love she bore ! Something better than his dog, a little dearer than No, - she never loved me truly ; love is love for. his horse.

evermore.

What is this ? his eyes are heavy, — think not Comfort ? comfort scorned of devils ! this is truth they are glazed with wine.

the poet sings, Go to him ; it is thy duty, — kiss him ; take his That a sorrow's crown of sorrow is remembering hand in thine.

happier things. It may be my lord is weary, that his brain is Drug thy memories, lest thou learn it, lest thy overwrought, —

heart be put to proof, Soothe him with thy finer fancies, touch him with In the dead, unhappy night, and when the rain thy lighter thought.

is on the roof.

He will answer to the purpose, easy things to un. Like a dog, he hunts in dreams; and thou art derstand,

staring at the wall, Better thou wert dead before me, though I slew Where the dying night-lamp flickers, and the thee with my hands.

shadows rise and fall.

Better thou and I were lying, hidden from the Then a hand shall pass before thee, pointing to heart's disgrace,

his drunken sleep, Rolled in one another's arms, and silent in a last To thy widowed marriage-pillows, to the tears embrace.

that thou wilt weep.

Cursed be the social wants that sin against the Thou shalt hear the “Never, never," whispered strength of youth !

by the phantom years, Cursed be the social lies that warp us from the And a song from out the distance in the ringing living truth!

of thine ears;

Cursed be the sickly forms that err from honest And an eye shall vex thee, looking ancient kind. nature's rule !

ness on thy pain. Cursed be the gold that gilds the straitened fore- Turn thee, turn thee on thy pillow ; get thee to head of the fool!

thy rest again.

Well — 't is well that I should bluster !– Hadst Nay, but nature brings thee solace ; for a tender thou less unworthy proved,

voice will cry ; Would to God --- for I had loved thee more than 'T is a purer life than thine, a lip to drain thy ever wife was loved.

trouble dry. Am I mad, that I should cherish that which bears Baby lips will laugh me down ; my latest rival but bitter fruit ?

brings thee rest, I will pluck it from my bosom, though my heart Baby fingers, waxen touches, press me from the be at the root.

mother's breast.

O, the child too clothes the father with a dear- | And his spirit leaps within him to be gone beness not his due.

fore him then, Half is thine and half is his : it will be worthy Underneath the light he looks at, in among the of the two.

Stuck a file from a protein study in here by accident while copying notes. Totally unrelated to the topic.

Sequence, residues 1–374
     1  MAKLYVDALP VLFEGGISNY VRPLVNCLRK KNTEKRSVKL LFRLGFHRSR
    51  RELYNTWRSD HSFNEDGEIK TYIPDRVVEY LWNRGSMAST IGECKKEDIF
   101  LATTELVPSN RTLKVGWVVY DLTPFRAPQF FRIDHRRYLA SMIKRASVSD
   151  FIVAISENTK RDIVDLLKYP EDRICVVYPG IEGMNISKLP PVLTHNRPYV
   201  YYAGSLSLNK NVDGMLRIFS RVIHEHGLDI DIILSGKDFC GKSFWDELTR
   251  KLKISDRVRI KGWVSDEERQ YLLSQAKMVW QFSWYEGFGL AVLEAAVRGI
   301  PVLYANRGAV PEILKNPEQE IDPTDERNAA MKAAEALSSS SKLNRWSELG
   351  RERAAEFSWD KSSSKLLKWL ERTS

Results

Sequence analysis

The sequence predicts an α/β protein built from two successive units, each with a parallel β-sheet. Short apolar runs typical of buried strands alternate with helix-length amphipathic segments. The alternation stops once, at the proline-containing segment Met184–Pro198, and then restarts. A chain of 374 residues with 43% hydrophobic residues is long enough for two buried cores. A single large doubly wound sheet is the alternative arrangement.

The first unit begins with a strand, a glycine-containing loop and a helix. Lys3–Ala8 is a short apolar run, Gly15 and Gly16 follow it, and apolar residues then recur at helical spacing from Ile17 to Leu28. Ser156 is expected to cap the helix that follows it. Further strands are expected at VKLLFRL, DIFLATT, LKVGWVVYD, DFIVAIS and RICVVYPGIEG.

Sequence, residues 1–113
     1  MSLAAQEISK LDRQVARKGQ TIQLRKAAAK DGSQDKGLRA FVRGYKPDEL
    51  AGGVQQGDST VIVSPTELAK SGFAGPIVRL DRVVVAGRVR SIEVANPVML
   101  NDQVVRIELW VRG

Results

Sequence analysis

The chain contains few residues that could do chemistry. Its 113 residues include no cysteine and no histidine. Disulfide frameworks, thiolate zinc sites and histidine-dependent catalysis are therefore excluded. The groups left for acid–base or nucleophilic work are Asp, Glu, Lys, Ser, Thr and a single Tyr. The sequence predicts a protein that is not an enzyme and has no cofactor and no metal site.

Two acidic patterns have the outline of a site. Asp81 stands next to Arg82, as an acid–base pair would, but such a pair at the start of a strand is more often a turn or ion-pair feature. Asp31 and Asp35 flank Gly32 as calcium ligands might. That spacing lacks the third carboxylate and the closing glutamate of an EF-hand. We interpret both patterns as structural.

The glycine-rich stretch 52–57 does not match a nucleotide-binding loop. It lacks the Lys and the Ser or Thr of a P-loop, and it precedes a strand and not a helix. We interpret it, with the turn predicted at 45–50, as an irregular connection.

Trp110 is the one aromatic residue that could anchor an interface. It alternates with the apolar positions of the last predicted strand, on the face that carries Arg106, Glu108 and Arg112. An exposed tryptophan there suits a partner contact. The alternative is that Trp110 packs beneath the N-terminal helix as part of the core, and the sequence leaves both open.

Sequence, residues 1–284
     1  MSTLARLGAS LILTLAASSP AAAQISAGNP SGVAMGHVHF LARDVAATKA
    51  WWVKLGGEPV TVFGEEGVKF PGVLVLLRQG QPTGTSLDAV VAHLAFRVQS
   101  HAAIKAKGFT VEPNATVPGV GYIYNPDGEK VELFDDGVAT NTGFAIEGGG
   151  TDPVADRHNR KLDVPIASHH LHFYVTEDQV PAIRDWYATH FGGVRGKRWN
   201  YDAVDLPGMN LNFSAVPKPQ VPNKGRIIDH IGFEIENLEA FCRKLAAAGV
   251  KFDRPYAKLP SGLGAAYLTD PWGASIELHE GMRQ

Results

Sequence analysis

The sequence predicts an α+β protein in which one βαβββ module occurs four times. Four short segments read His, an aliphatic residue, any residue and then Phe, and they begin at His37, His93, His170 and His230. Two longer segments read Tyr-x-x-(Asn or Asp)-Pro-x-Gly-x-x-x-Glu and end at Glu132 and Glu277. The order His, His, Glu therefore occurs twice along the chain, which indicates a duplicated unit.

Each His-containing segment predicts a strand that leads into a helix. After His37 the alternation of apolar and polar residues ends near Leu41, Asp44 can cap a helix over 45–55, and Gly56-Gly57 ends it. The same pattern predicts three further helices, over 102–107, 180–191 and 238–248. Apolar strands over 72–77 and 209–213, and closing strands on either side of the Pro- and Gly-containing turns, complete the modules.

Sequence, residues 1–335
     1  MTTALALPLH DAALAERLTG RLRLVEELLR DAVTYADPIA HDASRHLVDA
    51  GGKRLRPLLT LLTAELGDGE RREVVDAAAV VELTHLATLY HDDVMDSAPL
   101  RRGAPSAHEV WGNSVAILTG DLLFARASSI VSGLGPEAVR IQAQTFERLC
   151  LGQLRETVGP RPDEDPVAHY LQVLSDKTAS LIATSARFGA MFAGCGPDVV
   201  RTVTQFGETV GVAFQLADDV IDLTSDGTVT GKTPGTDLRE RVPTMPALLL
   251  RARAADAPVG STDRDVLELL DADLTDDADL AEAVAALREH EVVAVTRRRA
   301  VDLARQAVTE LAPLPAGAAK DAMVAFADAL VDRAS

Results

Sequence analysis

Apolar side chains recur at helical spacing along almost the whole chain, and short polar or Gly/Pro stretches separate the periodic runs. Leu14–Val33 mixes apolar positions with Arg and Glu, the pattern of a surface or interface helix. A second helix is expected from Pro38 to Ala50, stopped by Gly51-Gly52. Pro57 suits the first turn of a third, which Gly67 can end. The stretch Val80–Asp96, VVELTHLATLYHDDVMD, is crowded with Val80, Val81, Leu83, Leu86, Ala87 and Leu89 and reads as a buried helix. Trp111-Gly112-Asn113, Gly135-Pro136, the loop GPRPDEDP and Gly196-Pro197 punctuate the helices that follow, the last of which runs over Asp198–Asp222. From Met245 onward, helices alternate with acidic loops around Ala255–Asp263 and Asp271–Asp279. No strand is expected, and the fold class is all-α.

throngs of men ;

O, I see thee old and formal, fitted to thy petty Men, my brothers, men the workers, ever reappart,

ing something new : With a little hoard of maxims preaching down a That which they have done but earnest of the daughter's heart.

things that they shall do:

“They were dangerous guides the feelings—she For I dipt into the future, far as human eye could herself was not exempt

see, Truly, she herself had suffered ” — Perish in thy Saw the vision of the world, and all the wonder self-contempt!

that would be ;

Overlive it - lower yet - be happy! wherefore Saw the heavens fill with commerce, argosies of should I care ?

magic sails, I myself must mix with action, lest I wither by Pilots of the purple twilight, dropping down with despair.

costly bales ; What is that which I should turn to, lighting Heard the heavens fill with shouting, and there upon days like these ?

rained a ghastly dew Every door is barred with gold, and opens but to From the nations' airy navies grappling in the golden keys.

central blue ;

Every gate is thronged with suitors, all the Far along the world-wide whisper of the south. markets overflow.

wind rushing warm, I have but an angry fancy : what is that which I | With the standards of the peoples plunging through should do?

the thunder-storm;

I had been content to perish, falling on the foe. Till the war-drum throbbed no longer, and the man's ground,

battle-flags were furled When the rankis are rolled in vapor, and the In the parliament of man, the federation of the winds are laid with sound.